"The Authentic Career"
Book Review by Sally Gelardin
Review of Craddock, M. (2004). The Authentic Career: Following the Path of Self-Discovery to Professional Fulfillment. New World Library. Novato, CA.
I review many “how to” career books, many of which I do not find enlightening. I am critical of career-related books that are too simplistic. Although I am a certified career coach, as well as a nationally certified counselor, I am also wary of coaching “authorities,” who often have very little background in theory, ethics, assessment, diversity, or other academic career and/or counseling requirements, yet who propose to offer career solutions. As I began reading the author’s “mental detective work” with a “family tree activity,” I thought to myself, what background does she have that qualifies her to discuss sensitive family and career issues?
After reviewing "The Authentic Career: Following the Path of Self-Discovery to Professional Fulfillment," my doubts disappeared about the author’s competence to discuss her subject matter. Maggie Craddock deserves my admiration, not criticism. She explains early on in the book that she recognized “the importance of understanding the way our families influence our perspective about professional success”(p. 23) when she was serving an externship at the Ackerman Institute for Couples and Family Therapy. She has been well trained in family therapy. Through illustrations of her clients’ and her own career experiences, Maggie Craddock discusses family/career issues with sensitive insight.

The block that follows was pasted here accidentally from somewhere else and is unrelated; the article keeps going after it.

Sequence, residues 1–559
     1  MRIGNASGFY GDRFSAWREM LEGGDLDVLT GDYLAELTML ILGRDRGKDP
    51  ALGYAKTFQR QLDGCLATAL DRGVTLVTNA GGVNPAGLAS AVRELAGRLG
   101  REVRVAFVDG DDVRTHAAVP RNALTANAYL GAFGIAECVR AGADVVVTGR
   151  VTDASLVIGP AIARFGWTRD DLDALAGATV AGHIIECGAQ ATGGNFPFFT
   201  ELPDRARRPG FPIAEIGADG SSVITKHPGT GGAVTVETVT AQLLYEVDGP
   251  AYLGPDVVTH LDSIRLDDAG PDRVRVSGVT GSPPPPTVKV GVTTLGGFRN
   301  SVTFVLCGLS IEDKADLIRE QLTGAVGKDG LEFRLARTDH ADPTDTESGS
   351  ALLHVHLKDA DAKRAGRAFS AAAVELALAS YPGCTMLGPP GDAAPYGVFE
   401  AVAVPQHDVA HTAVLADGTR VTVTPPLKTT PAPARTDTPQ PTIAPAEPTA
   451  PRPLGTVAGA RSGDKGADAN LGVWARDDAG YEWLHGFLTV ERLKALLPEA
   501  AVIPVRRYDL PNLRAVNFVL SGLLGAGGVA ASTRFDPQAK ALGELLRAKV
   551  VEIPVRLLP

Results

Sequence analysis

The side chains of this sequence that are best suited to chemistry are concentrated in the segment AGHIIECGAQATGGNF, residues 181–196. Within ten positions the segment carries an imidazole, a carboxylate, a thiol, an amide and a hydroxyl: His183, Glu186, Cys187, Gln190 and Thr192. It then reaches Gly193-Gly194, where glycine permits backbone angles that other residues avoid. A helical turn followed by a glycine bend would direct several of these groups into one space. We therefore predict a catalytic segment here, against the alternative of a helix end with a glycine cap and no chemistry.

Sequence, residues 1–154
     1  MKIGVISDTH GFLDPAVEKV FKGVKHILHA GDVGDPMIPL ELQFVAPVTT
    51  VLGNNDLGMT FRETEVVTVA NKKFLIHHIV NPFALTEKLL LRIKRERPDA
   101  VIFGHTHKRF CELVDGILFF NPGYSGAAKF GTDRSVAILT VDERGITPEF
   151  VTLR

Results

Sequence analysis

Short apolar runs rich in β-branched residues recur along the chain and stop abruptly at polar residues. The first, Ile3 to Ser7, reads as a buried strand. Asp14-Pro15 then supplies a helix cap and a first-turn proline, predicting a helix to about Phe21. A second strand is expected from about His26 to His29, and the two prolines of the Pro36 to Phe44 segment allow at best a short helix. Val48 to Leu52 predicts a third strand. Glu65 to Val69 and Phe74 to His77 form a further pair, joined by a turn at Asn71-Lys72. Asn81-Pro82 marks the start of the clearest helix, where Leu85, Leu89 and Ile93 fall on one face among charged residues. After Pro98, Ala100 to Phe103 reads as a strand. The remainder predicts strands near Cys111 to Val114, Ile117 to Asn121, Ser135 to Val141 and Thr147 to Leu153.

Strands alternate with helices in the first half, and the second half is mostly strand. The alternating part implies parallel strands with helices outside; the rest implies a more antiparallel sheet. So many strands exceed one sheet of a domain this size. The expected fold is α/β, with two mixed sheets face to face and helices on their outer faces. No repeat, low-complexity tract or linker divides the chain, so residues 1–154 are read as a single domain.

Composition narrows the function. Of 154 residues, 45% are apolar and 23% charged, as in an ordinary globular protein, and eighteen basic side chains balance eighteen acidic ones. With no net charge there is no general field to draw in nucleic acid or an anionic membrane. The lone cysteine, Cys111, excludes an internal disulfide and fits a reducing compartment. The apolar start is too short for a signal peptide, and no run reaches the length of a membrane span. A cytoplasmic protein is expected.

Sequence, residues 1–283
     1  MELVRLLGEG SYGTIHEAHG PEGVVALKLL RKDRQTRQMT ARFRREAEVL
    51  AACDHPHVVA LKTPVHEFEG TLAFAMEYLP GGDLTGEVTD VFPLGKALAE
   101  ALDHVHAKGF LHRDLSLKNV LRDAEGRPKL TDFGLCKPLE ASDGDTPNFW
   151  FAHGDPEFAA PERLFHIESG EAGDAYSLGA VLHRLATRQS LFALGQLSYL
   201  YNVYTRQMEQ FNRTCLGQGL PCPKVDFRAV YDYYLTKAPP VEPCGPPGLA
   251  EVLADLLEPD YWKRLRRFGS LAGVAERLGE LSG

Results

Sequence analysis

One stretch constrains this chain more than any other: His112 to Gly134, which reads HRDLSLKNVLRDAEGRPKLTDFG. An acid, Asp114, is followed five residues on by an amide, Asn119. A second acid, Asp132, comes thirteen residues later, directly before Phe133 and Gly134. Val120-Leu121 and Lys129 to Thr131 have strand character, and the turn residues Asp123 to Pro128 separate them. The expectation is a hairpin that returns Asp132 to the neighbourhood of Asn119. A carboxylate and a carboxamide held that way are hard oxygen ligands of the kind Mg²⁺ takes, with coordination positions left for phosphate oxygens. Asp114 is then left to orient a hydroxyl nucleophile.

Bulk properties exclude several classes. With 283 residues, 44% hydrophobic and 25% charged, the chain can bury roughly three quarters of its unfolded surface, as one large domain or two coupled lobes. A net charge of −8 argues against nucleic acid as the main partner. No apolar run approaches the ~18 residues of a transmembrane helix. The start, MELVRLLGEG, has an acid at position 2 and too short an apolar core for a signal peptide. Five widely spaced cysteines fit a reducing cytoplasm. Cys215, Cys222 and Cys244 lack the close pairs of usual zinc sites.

The book is not a simplistic “how to” reader. It is contextual; that is, the reader has an opportunity to identify both with case studies and with the author’s own career development and personal growth, which, as the author says in many ways throughout the book, cannot be separated. When I identify with an author or with her subjects, when the incident that I read about brings to mind incidents in my own life, then I know that I can learn something from the book. This book was filled with “aha’s” for me.
I identified with Maggie as her voice cracked when she was describing personal career challenges on Wall Street. I never worked on Wall Street, but I have certainly experienced the political hierarchy of organizations with which I have been employed. The author’s images are vivid; for instance, she compares Wall Street to a day in divorce court.
As the author turns to money issues, the “ahas” continue. She says, “As a coach, it’s even more vital that I understand the way the emotional dynamics surrounding money influence my clients’ decisions” (p. 25). Unafraid to dig into the related areas, Maggie explores emotional wellness as being crucial to one’s definition of success. “Some things in life,” the author says, “are expensive financially, and others are expensive emotionally” (p. 26). Many of us have destroyed our emotional health working in non-supportive environments. The book begins creeping into my intellectual living room, which is crowded enough as it is with extraneous thoughts, but I decide to continue reading.